My wife Susan and I have raised koi for almost nine years. Since we live in Ottawa, Canada, where winter can last eight months or more and temperatures can go as low as -40 degrees Fahrenheit, providing winter shelter for our fish has always been a big concern. For three of those winters, we have tried to protect the fish by building temporary greenhouses over our 20,000-gallon backyard pond.
The first attempt resulted in a low-slung, oddly-shaped igloo made of PVC piping bent into arches and greenhouse plastic. It survived the winter, but it required constant snow-clearing — even during the middle of the night. Otherwise, the whole structure would collapse under the weight of the snow.
The author successfully built a greenhouse for overwintering his pond. The greenhouse’s covering not only protected the fish but gave the pond’s plants a head start when the first vestiges of stronger spring sunlight appeared in March.
We tried to improve on the first greenhouse by building the second one higher and into a consistent “Quonset hut” half-cylindrical shape. It was so tall that it cleared the pump shed! Because this greenhouse was so tall, I was unable to install a center ridge pole to connect all the hoops together (the hoops held the plastic just like a Quonset hut). As a result, they moved freely whenever snow piled up on them. The result was a big dome that had no strength and that required even more care than the first one did.
To make matters worse, the wind would roll down off the house roof and compress the dome. Its subsequent release would make a noise like a thunderclap and provide enough force to roll off the 200-pound boulders (set on planks) that were holding the plastic in place. Even worse, the plastic split like a giant zipper during a windstorm in early March.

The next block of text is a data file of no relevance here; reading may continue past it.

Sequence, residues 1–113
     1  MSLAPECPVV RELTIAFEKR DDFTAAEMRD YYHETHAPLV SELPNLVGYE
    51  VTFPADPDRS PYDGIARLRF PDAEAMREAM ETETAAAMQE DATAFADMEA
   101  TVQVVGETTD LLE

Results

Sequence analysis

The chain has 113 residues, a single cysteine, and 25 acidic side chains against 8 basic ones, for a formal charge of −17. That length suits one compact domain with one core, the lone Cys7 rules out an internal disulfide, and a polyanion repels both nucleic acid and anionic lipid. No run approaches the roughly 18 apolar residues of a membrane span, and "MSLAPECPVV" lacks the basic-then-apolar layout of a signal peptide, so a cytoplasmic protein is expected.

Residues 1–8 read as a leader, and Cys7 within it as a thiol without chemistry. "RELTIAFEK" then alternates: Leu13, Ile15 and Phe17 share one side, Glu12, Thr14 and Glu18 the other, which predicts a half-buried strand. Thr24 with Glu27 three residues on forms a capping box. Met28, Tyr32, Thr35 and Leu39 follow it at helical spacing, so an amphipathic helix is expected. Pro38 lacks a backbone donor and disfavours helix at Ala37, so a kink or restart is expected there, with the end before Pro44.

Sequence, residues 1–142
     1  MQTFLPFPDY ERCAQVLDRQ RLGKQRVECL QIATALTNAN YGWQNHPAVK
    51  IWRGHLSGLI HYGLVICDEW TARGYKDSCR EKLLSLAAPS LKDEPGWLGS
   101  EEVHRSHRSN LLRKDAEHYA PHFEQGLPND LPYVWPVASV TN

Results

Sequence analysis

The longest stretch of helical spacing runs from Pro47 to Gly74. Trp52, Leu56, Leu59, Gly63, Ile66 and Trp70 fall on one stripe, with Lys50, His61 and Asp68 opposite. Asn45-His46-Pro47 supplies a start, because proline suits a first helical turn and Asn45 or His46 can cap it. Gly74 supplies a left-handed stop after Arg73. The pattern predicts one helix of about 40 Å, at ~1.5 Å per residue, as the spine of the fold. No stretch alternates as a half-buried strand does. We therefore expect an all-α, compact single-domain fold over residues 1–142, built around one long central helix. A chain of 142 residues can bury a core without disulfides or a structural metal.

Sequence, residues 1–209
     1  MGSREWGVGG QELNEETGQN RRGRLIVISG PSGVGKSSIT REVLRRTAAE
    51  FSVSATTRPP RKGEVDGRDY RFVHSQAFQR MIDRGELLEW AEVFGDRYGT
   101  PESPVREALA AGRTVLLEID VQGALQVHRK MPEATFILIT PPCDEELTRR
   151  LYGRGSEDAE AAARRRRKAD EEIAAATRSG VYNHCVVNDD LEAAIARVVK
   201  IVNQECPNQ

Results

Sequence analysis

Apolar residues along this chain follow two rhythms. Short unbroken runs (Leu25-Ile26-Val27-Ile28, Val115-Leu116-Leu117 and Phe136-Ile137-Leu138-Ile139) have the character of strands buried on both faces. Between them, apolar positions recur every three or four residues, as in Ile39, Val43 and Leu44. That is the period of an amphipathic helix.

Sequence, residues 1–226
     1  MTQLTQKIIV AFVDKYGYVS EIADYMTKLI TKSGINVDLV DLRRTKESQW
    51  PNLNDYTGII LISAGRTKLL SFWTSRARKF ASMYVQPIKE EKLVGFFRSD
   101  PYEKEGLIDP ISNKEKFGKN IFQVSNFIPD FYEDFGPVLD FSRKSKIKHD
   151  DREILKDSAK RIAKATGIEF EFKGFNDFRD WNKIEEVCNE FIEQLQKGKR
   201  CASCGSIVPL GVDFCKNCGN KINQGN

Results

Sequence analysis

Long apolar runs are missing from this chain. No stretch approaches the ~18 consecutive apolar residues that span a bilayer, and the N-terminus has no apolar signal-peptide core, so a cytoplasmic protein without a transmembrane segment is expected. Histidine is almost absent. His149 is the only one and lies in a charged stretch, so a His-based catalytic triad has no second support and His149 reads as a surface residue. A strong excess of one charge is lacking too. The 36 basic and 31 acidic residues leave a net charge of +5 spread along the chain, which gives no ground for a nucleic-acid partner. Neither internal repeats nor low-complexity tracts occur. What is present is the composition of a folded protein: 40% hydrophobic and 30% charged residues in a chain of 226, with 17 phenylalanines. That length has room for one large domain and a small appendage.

The result was that the koi were suddenly faced with the temperature dropping some 60 to 70 degrees. The surface of the pond quickly froze solid, and when spring finally arrived, we had lost a lot of fish — even after going to the trouble of drilling air holes.
The next winter, we tried keeping air holes open and letting the pond freeze. That resulted in more lost fish as the water went below 32 degrees. Horrified, we then brought the fish back indoors to the 3,000-gallon basement holding tank we had installed the year before when the pond outside was being built. This kept the fish alive, but they subsequently grew so big that we didn’t want to haul them outside twice a year. And this is how things remained for two years: We had an empty 20,000-gallon fish pond outdoors and an overstocked 3,000-gallon fish tank in the basement of our home. This wasn’t at all what we had intended!
Then we had had enough. We laboriously hauled 47 giant koi up the stairs, one by one, and put them outside. And when the next winter came, we built another greenhouse — but this time, we got smart.
What Made this Greenhouse Different?
Instead of returning to the PVC pipe design, we decided to use roof trusses — the same kind found in any modern house. With the guidance and help of our trusty carpenter, Eric (who has seen us through more disasters than I can count), we had the trusses custom-made to span the pond’s 22-foot width. Eric then used two-by-fours to build a support wall around the pond. This was no easy feat, given that he had to include the waterfall.